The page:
Macron Poised to Sweep French Assembly Vote as Authority GrowsBy , , and
Pollsters project clear majority for president’s party
France’s two-round election to take place June 11 and June 18
During his month in power Emmanuel Macron has minted a presidential style long on symbolism and short on words. Every indication so far suggests the French like it.
A major Ipsos poll published last week showed the 39-year-old president is on track to win a crushing majority in the two-round National Assembly election, which kicks off this Sunday. If the projection proves correct, it would defy widespread concerns during the presidential campaign that the political newcomer’s plans for economic reform would be blocked by a hostile legislature.
Though the substance of the new administration’s plans remains on hold until the assembly is elected, the president’s monarchical style is helping him accrue the authority he’ll need to deliver labor-market reform, spending cuts and changes to the tax system.
“What Macron has been doing is laying the foundations that will allow him to do things in the future,” said Edouard Lecerf, director of political-opinion research at Kantar Public in Paris. “Yes, it has been about his communications style so far, but the French are very attached to having a dignified presidency and it seem to be working.”
In contrast to his two immediate predecessors, Macron has severely rationed his comments -- both on and off the record -- leaving the regular media appearances largely to his prime minister, Edouard Philippe. Since being sworn in on May 14, he has given one short interview to a newspaper and spoke only briefly after meetings with his global peers.
Instead, he’s let his actions do the talking.
At his international debut at the NATO summit on May 25, Macron greeted U.S. President Donald Trump with a long, crunching handshake. A week later he responded to Trump’s withdrawal from the Paris Agreement on global warming, by inviting U.S. climate scientists to work in France and hijacking the U.S. leader’s signature slogan with a call to “make our planet great again.”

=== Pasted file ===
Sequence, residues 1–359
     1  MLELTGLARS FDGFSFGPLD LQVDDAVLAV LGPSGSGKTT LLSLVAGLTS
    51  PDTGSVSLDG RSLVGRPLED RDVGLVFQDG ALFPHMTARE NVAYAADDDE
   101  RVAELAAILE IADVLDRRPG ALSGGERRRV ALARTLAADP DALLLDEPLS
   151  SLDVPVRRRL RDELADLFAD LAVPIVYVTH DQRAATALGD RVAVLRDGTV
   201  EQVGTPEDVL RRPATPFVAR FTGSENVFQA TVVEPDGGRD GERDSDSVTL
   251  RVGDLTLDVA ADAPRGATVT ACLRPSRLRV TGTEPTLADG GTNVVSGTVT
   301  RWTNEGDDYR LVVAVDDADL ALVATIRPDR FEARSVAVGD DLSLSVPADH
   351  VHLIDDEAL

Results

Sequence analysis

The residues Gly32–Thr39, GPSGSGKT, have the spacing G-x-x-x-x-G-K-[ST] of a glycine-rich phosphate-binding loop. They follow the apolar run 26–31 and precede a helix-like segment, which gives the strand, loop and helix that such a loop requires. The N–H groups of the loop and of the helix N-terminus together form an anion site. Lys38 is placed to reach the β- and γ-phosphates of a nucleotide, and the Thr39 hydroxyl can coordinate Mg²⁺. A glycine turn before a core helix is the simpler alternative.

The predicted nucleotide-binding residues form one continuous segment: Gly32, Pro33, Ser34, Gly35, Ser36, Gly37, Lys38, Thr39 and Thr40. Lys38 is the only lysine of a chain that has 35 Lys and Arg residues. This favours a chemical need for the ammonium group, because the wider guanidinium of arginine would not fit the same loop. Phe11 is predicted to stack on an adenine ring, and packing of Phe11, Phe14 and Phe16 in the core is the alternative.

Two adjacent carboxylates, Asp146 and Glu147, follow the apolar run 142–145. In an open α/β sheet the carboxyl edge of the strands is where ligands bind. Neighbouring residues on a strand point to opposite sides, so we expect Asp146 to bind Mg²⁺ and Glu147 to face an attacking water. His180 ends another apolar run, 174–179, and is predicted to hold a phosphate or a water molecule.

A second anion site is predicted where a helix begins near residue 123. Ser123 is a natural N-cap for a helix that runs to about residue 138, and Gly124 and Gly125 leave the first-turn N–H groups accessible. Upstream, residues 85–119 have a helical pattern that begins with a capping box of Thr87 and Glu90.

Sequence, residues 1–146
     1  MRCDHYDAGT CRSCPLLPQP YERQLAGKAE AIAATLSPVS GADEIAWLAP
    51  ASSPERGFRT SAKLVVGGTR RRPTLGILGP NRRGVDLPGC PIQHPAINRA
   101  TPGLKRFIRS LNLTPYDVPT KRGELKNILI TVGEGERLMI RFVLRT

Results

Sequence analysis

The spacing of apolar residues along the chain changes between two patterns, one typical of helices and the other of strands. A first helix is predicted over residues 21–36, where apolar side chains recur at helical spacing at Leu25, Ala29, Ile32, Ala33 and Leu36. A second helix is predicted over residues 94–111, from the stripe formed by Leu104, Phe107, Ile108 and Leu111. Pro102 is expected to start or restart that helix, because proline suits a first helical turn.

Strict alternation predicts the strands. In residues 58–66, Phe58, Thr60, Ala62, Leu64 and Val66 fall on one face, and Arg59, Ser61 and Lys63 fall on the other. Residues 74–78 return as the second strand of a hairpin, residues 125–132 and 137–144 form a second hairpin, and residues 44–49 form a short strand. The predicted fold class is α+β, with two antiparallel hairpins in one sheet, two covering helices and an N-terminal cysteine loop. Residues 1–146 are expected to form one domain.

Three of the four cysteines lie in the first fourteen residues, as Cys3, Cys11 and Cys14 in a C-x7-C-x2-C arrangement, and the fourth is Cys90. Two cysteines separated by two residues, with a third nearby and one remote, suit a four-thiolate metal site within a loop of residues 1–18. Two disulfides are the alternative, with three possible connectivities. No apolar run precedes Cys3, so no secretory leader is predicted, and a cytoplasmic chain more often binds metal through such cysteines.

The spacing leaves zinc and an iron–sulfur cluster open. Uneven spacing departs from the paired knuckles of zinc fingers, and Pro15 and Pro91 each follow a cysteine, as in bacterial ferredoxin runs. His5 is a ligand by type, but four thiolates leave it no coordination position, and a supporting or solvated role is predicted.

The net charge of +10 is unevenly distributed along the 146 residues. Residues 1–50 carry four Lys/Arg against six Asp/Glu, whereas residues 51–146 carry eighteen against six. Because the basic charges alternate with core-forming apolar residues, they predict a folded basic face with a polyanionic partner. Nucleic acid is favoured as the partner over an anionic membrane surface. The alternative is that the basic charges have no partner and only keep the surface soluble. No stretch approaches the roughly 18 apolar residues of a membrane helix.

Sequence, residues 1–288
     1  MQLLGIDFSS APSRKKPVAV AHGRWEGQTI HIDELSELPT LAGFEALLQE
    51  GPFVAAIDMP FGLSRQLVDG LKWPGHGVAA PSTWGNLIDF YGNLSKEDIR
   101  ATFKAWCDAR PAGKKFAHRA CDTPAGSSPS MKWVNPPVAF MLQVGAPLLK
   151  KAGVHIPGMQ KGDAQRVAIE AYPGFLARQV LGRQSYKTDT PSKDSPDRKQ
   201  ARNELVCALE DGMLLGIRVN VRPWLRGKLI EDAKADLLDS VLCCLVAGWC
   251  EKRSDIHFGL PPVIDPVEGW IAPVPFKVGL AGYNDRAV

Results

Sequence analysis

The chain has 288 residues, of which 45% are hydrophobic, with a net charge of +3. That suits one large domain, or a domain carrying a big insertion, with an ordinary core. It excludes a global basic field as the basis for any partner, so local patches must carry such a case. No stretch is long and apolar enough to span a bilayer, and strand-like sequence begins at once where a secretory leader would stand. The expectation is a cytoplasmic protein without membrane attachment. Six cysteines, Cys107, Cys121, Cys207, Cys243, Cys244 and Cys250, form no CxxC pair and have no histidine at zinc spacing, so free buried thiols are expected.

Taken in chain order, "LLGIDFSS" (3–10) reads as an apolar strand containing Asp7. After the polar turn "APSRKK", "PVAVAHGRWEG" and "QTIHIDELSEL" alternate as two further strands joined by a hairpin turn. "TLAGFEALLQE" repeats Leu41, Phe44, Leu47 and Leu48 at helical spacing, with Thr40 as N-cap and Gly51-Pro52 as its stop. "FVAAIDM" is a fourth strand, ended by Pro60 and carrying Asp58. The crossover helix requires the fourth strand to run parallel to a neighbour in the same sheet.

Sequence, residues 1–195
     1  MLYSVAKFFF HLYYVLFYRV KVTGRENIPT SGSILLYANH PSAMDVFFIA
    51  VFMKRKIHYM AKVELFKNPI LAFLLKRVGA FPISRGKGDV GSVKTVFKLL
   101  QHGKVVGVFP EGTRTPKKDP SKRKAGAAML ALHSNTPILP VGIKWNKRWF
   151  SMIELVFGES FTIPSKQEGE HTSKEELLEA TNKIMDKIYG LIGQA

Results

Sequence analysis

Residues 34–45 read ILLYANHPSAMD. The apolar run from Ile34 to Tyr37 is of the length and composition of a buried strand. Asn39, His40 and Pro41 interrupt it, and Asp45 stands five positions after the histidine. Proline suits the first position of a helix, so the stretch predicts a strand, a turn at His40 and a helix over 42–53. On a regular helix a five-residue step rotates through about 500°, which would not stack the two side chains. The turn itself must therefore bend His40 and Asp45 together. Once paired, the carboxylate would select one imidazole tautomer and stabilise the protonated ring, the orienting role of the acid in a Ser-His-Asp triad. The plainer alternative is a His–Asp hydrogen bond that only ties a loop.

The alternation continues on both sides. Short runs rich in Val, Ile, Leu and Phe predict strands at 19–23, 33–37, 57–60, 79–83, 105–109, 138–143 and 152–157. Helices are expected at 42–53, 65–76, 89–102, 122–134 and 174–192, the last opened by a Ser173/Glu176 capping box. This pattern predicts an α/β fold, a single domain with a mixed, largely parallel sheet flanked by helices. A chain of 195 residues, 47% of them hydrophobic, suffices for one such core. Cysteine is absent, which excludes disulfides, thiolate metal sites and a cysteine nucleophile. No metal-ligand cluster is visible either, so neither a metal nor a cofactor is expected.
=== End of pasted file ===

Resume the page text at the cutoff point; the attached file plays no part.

Similarly, when Macron hosted Vladimir Putin near Paris, he challenged the Russian leader publicly, lambasting Russian media outlets for spreading false news stories and said any use of chemical weapons in Syria would meet with reprisals from France.
Macron’s main domestic move has seen him publish plans for a new law on political ethics that overhauls party financing, restricts the number of parliamentary mandates for any one person to three and tightens controls on spending and conflicts of interest. While the law itself is popular with the public it is also a reminder of one blemish on Macron’s record so far.
Regional Development Minister Richard Ferrand, a close ally since the start of his presidential run, is facing a preliminary criminal inquiry into his work at a regional savings bank. Ferrand, 54, is being investigated for giving contracts to both his current partner and his former wife as managing director of the Mutuellles de Bretagne. He has repeatedly said he did nothing wrong.
While the matters in question may be minor compared with past French political scandals, they come after an election campaign in which public probity played a major role.
“The Ferrand affair is certainly hurting Macron,” said Dominique Reynie, a politics professor at Sciences Po in Paris. “It muddles the image of a clean renewal.”
Yet the minister is little known to the public and his ministry is somewhat obscure, so the scandal hasn’t made a serious dent in Macron’s standing in the polls so far. The Ipsos poll for Le Monde predicts that Macron’s party is on track to win between 395 and 425 seats in the 577-seat National Assembly. Even the lower end of that band would give Macron the largest majority in the lower house in more than two decades.
Such results are possible because Macron -- who was a minister under Socialist Francois Hollande -- has manage to divide both the mainstream left and the mainstream right. Marine Le Pen, who he beat in the presidential runoff, is on track to deliver between five and 15 seats for her National Front party.
“It’s shaping up as a hyper-presidency,” Reynie said. “There’s a very strong central authority and that’ll be accentuated by having many deputies who are new to politics.”